International Journal of Coronaviruses

Current Issue Volume No: 3 Issue No: 3

ISSN: 2692-1537
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Review Article Open Access
  • Available online freely Peer Reviewed
  • Provisional

    Profile of Children with Covid 19 Infection in our Set Up

    Baljinder kaur 1   Navpreet kaur 1  

    1Dept of Pediatrics, Government Medical College, Rajindra Hospital, Patiala..

    Abstract

    In December 2019, a novel coronavirus, now named as SARS-CoV-2, caused a series of acute atypical respiratory diseases in Wuhan, Hubei Province, China. The disease caused by this virus was termed COVID-19. The virus is transmittable between humans and has caused pandemic worldwide. The number of death tolls continues to rise and a large number of countries have been forced to do social distancing and lockdown. In humans, COVIDs mostly cause respiratory and gastrointestinal symptoms. Clinical manifestations range from a common cold to more severe disease such as bronchitis, pneumonia, severe acute respiratory distress syndrome, multi-organ failure and even death. Preliminary evidence suggests children are just as likely as adults to become infected with SARS-CoV-2 but are less likely to be symptomatic or develop severe symptoms. in our study , we consider the symptomatology , complications and mortality patterns of this disease in children.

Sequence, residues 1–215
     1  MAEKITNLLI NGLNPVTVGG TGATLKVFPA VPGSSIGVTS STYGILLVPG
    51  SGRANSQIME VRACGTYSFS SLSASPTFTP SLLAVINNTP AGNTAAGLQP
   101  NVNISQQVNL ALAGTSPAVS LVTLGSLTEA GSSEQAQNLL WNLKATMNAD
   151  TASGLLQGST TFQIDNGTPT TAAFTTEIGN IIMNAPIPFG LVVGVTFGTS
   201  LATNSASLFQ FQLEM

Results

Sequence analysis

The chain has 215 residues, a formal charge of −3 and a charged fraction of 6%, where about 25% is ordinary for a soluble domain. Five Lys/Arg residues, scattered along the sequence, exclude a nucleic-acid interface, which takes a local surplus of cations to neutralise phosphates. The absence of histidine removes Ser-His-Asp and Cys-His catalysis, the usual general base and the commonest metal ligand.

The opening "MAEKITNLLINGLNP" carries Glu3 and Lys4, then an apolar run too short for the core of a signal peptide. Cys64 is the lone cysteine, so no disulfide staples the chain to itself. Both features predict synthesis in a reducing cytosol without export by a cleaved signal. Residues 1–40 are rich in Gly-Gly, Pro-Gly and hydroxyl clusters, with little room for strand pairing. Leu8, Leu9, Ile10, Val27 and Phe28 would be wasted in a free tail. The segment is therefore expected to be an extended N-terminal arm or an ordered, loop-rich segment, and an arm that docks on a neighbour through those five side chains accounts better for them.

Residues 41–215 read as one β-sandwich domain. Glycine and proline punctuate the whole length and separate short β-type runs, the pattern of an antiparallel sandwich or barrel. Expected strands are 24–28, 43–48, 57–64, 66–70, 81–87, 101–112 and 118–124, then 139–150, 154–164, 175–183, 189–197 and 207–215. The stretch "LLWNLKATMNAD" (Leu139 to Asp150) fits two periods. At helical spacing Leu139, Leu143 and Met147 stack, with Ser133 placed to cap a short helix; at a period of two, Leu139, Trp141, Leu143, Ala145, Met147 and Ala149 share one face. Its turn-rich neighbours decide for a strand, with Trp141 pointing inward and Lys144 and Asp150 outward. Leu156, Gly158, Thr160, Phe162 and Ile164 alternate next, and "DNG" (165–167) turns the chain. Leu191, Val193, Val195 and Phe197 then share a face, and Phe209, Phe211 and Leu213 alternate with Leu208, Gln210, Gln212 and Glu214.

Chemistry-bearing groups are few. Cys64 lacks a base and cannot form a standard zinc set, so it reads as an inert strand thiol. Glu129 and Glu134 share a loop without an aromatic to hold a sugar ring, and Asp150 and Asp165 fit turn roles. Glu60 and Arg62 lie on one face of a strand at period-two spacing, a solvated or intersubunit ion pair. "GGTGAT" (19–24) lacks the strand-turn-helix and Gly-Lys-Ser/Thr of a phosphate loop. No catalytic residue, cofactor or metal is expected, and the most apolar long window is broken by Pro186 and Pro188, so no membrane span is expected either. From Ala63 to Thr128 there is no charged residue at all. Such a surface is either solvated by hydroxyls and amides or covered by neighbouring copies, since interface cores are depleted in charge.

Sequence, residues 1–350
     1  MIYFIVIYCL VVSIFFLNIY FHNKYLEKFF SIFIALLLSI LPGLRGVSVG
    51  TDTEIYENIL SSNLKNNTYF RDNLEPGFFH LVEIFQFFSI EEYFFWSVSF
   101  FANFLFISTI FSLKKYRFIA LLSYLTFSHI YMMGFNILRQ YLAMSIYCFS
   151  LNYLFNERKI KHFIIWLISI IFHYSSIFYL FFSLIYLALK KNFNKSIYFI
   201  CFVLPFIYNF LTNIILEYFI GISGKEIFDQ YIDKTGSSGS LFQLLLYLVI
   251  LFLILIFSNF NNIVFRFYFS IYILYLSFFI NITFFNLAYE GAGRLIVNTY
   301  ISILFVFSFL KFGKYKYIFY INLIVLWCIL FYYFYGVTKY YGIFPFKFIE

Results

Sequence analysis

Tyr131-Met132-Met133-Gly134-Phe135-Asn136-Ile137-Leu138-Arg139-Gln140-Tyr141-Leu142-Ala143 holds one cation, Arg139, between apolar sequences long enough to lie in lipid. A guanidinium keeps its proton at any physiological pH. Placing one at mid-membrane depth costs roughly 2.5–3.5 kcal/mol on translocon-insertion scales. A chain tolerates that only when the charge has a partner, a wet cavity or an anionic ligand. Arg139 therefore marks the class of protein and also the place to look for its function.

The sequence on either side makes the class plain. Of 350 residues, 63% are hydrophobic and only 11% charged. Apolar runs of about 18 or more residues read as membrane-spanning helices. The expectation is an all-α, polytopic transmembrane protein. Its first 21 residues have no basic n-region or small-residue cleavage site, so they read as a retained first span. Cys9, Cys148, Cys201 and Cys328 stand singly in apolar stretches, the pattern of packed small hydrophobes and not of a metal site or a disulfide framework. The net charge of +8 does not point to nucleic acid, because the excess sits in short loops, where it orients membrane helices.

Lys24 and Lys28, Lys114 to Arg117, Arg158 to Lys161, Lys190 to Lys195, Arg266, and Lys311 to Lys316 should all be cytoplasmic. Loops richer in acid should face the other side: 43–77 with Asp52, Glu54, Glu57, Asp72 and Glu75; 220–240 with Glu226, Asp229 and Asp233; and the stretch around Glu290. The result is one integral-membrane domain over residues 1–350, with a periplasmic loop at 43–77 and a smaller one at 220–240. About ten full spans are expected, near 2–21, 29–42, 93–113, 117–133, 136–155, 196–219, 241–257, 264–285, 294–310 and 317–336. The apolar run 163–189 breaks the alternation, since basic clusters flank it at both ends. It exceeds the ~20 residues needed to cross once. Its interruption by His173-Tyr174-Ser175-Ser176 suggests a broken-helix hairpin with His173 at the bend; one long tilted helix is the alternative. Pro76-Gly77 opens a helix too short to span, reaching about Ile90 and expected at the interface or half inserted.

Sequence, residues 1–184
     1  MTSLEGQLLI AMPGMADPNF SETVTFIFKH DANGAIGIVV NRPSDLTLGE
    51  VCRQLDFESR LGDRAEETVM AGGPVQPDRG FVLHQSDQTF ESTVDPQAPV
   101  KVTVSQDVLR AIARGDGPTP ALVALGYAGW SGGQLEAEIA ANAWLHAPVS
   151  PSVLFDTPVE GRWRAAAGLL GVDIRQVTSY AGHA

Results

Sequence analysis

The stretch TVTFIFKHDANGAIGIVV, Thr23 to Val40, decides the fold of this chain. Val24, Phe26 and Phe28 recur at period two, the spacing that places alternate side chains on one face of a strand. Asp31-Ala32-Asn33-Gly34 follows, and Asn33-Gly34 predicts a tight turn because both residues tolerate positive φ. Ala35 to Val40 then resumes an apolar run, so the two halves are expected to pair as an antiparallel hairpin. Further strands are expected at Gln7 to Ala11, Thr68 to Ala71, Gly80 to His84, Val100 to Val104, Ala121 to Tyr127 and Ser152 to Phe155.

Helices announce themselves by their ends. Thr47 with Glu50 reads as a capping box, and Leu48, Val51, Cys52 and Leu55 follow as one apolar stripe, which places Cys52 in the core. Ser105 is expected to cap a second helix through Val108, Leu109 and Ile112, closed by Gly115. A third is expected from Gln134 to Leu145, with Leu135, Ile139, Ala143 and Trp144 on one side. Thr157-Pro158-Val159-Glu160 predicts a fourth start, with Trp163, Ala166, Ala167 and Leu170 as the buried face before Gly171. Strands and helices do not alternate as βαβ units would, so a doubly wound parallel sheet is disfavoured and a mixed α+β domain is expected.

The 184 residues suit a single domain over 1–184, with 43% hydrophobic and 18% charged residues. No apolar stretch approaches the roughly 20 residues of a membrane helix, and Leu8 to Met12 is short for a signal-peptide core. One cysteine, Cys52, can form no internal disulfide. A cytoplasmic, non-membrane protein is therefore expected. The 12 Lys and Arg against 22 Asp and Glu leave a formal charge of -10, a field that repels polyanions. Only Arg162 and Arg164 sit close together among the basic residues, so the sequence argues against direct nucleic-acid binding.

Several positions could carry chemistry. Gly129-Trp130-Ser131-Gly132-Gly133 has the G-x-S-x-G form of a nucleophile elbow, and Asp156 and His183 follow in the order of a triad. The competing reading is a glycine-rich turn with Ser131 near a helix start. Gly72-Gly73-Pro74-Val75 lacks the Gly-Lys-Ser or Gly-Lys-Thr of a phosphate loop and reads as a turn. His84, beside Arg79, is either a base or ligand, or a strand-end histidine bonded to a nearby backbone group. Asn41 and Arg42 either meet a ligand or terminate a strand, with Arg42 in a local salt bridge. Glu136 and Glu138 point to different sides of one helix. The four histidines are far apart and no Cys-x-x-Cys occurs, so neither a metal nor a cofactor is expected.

Author Contributions
    Received 04 Sep 2021; Accepted 11 Sep 2021; Published 04 Oct 2021;

    Academic Editor: Raul Isea, Fundación Instituto de Estudios Avanzados - IDEA, Hoyo de la Puerta, Baruta.

    Checked for plagiarism: Yes

    Review by: Single-blind

    Copyright ©  2021 Baljinder kaur, et al.

    License
    Creative Commons License     This is an open-access article distributed under the terms of the Creative Commons Attribution License, which permits unrestricted use, distribution, and reproduction in any medium, provided the original author and source are credited.

    Competing interests

    The authors have declared that no competing interests exist.

    Citation:

    Baljinder kaur, Navpreet kaur (2021) Profile of Children with Covid 19 Infection in our Set Up . International Journal of Coronaviruses - 3(3):6-15.

    Download as RIS, BibTeX, Text (Include abstract )

    DOI 10.14302/issn.2692-1537.ijcv-21-3951

    Introduction

    Coronavirus is one of the major pathogens that primarily targets the human respiratory system. Previous outbreaks of coronaviruses (CoVs) include the severe acute respiratory syndrome (SARS-CoV) and the Middle East respiratory syndrome (MERS-CoV) which have been previously characterized as agents that are a great public health threat. In late December 2019, a cluster of patients was admitted to hospitals with an initial diagnosis of pneumonia of an unknown etiology. These patients were epidemiologically linked to a seafood and wet animal wholesale market in Wuhan, Hubei Province, China. 1,2